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J Am Geriatr Soc. 2004 Oct;52(10):1632-8.

Longitudinal study of determinants of dependence in an elderly population.

Author information

  • 1Canadian Center for Activity and Aging, The University of Western Ontario, London, Ontario, Canada. dpaterso@uwo.CA

Abstract

OBJECTIVES:

To describe those factors, from the host of initial measures in ambulatory, independent older men and women, that were determinants of becoming dependent over an 8-year follow-up.

DESIGN:

Initial measures in a cohort of independent older adults were used in logistic regression to describe the determinants of becoming dependent at the 8-year follow-up.

SETTING:

London, Ontario.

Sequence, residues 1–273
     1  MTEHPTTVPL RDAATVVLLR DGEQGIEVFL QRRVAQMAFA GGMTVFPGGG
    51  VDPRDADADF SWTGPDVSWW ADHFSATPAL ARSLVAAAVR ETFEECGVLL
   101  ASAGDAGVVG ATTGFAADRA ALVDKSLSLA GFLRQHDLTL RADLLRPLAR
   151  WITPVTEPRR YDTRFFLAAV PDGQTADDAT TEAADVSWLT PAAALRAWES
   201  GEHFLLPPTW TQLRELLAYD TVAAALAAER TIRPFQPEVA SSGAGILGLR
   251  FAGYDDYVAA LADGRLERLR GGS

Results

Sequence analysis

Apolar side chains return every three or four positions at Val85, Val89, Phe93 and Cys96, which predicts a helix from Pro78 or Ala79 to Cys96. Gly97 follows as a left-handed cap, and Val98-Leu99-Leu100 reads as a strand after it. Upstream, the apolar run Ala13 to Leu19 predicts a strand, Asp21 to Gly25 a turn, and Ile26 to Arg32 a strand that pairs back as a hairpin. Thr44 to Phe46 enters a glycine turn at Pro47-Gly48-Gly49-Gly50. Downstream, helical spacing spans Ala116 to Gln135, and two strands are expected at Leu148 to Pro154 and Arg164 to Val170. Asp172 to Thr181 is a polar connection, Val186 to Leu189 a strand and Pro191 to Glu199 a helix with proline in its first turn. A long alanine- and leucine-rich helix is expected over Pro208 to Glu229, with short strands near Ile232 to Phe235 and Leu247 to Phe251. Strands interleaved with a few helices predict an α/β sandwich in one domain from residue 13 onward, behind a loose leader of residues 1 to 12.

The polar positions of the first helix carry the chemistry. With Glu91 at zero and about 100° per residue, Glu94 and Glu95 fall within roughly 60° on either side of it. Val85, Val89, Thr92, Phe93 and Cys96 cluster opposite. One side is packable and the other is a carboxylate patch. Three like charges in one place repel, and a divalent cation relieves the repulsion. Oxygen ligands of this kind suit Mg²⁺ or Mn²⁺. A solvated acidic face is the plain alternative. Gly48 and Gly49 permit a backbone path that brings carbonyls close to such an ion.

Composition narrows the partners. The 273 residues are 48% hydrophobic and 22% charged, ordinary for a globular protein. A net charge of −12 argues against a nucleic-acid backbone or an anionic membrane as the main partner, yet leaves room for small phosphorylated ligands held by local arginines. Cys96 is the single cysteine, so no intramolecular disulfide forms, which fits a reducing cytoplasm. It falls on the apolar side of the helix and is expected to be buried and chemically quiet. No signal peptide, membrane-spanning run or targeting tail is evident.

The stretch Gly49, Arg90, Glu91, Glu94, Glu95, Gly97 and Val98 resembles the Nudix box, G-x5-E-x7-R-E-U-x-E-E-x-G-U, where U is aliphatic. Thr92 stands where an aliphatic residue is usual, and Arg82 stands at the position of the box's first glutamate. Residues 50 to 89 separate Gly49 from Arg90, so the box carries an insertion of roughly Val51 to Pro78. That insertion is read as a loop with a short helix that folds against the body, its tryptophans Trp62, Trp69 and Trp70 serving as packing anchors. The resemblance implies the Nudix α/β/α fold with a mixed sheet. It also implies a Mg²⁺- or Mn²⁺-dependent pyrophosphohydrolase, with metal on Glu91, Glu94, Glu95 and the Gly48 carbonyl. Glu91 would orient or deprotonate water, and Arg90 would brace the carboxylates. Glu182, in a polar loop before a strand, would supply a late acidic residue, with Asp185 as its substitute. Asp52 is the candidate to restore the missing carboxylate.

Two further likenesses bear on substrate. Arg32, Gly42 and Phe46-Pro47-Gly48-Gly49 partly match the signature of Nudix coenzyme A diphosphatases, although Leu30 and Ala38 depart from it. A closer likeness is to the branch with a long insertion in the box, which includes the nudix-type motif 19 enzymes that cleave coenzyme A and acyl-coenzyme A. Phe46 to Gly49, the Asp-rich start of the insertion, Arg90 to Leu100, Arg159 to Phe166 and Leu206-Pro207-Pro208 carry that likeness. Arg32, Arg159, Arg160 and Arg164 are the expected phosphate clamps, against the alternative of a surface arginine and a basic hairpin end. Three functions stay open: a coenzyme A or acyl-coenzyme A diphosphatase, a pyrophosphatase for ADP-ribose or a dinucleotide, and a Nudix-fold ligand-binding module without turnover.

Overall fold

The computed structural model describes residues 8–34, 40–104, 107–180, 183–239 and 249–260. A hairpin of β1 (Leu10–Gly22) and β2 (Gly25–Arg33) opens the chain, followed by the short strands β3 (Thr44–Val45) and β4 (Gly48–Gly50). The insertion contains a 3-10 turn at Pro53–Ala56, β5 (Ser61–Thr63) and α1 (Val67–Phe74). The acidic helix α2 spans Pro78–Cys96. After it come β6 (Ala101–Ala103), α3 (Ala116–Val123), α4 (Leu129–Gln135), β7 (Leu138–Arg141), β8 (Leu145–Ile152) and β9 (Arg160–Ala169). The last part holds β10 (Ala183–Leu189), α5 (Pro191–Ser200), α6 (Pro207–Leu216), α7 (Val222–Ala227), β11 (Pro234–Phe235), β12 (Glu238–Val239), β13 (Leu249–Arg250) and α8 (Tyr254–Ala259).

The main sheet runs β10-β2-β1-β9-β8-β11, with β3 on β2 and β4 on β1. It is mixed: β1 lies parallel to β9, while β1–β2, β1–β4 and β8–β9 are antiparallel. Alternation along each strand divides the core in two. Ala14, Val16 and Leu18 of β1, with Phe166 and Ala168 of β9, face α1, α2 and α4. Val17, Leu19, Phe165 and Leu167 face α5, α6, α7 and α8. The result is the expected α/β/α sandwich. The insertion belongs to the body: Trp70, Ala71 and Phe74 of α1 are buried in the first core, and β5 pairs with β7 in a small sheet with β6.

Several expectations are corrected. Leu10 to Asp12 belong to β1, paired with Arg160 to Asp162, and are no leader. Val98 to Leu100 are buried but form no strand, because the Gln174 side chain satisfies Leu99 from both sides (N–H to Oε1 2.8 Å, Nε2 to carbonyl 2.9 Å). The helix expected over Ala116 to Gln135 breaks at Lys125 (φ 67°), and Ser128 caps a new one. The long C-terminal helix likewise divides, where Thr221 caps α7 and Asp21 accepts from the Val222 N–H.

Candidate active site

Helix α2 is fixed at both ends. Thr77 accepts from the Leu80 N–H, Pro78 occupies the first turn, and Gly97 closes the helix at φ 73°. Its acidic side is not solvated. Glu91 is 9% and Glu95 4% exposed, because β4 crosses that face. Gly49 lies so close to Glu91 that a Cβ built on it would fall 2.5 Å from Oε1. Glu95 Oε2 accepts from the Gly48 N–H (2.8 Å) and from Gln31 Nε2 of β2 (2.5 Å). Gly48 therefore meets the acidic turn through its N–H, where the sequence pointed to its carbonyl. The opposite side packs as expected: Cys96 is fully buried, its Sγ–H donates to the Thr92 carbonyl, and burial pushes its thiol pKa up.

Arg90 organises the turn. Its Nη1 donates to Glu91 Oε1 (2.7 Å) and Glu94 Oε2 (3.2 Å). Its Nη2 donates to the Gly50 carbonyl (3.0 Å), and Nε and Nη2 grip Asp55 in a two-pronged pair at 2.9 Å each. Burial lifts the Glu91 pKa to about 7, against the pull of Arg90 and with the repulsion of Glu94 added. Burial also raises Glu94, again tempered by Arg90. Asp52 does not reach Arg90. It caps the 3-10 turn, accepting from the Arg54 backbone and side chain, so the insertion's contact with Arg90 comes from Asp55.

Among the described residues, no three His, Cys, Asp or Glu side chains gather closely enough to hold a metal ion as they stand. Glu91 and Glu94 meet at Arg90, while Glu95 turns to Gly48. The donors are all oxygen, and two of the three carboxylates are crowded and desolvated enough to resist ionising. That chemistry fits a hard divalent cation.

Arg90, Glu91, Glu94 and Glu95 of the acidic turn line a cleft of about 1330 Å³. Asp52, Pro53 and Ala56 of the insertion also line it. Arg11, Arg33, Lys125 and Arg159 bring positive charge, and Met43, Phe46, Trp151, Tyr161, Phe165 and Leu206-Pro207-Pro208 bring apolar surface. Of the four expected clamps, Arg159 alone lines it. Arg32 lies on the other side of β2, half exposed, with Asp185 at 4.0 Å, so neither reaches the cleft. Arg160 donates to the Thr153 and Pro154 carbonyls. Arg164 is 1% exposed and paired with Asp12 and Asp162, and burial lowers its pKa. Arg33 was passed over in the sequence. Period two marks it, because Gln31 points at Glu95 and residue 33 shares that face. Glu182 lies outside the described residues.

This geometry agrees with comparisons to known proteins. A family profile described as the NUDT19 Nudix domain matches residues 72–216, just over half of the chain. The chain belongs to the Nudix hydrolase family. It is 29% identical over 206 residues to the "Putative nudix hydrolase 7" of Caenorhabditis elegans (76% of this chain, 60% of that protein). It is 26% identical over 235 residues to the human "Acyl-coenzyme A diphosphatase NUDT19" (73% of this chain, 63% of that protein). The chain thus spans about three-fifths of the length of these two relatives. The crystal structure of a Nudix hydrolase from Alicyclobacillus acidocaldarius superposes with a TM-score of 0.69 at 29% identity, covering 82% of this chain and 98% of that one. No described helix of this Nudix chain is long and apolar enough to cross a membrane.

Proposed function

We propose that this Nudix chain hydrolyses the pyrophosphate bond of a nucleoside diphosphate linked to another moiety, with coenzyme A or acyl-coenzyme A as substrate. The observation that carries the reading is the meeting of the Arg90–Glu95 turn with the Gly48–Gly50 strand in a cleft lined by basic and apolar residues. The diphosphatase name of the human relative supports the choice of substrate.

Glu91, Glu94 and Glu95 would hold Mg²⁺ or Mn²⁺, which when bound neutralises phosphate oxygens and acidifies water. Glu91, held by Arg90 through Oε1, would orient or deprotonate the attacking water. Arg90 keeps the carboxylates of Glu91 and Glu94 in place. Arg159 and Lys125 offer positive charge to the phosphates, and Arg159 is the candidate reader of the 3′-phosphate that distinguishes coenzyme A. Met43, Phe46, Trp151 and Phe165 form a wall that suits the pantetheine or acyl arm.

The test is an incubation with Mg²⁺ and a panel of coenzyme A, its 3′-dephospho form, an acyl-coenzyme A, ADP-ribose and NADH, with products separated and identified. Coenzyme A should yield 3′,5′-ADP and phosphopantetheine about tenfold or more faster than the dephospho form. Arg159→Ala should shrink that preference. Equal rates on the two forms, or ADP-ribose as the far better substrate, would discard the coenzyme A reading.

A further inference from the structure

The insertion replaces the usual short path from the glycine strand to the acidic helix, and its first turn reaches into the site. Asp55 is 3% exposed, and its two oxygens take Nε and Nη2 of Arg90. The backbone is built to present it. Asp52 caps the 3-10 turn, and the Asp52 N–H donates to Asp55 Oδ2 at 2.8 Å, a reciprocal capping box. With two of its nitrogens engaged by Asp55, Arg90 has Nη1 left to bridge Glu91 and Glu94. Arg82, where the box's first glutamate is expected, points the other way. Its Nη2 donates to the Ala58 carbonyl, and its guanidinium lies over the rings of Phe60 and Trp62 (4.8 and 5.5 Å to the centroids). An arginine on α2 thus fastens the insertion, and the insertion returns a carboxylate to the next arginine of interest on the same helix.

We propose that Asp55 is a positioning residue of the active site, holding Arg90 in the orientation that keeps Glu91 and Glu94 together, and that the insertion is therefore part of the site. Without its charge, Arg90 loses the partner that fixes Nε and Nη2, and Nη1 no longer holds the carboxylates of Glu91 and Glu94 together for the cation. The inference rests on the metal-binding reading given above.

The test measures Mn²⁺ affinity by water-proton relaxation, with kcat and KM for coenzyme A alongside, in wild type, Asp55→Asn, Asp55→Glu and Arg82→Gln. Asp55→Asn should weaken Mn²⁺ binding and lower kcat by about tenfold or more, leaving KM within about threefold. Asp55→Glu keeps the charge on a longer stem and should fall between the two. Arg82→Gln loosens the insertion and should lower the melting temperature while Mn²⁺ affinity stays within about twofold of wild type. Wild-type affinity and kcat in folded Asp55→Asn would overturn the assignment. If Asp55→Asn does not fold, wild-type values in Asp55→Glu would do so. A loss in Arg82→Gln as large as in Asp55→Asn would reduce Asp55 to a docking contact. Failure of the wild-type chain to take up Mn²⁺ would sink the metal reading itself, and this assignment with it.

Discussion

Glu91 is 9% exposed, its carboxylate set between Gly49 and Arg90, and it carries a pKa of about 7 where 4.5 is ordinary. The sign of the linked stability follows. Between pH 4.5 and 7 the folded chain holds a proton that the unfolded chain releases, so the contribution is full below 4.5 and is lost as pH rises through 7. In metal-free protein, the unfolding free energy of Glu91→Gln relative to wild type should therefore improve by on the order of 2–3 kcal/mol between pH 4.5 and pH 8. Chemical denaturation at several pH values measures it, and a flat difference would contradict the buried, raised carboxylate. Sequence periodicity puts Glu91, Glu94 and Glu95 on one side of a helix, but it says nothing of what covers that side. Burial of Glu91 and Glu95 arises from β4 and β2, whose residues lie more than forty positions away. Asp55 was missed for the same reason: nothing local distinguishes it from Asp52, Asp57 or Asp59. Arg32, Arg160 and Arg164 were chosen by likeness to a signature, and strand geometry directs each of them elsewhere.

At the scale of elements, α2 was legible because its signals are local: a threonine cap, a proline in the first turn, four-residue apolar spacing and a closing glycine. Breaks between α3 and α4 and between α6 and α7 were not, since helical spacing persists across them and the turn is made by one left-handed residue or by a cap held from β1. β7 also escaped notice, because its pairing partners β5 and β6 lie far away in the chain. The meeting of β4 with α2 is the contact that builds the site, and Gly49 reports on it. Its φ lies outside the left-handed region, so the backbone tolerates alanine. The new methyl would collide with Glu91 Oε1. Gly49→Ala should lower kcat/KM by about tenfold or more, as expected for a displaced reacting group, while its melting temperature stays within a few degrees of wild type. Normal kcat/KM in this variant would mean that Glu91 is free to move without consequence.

PARTICIPANTS:

Three hundred seventy-three men and women aged 55 to 86.

MEASUREMENTS:

Initial variables included body size, presence of chronic disease, maximal oxygen uptake (VO2max), strength, flexibility, walking pace, and leisure time physical activity.

RESULTS:

An 8-year follow-up of 297 participants identified 43 as dependent. Logistic regression showed age, presence of disease, and VO2max (cardiorespiratory fitness) at baseline to have significant odds ratios related to the outcome of becoming dependent. Controlling for other factors, a lower VO2max increased the odds of dependence by 14% for each mL/kg.min.

CONCLUSION:

Lower cardiorespiratory fitness was a significant determinant of becoming dependent in an 8-year follow-up of older adults. Initiatives to encourage physical activity in older adults should emphasize exercise, such as brisk walking, to maintain or improve cardiorespiratory fitness.

PMID:
15450038
[PubMed - indexed for MEDLINE]
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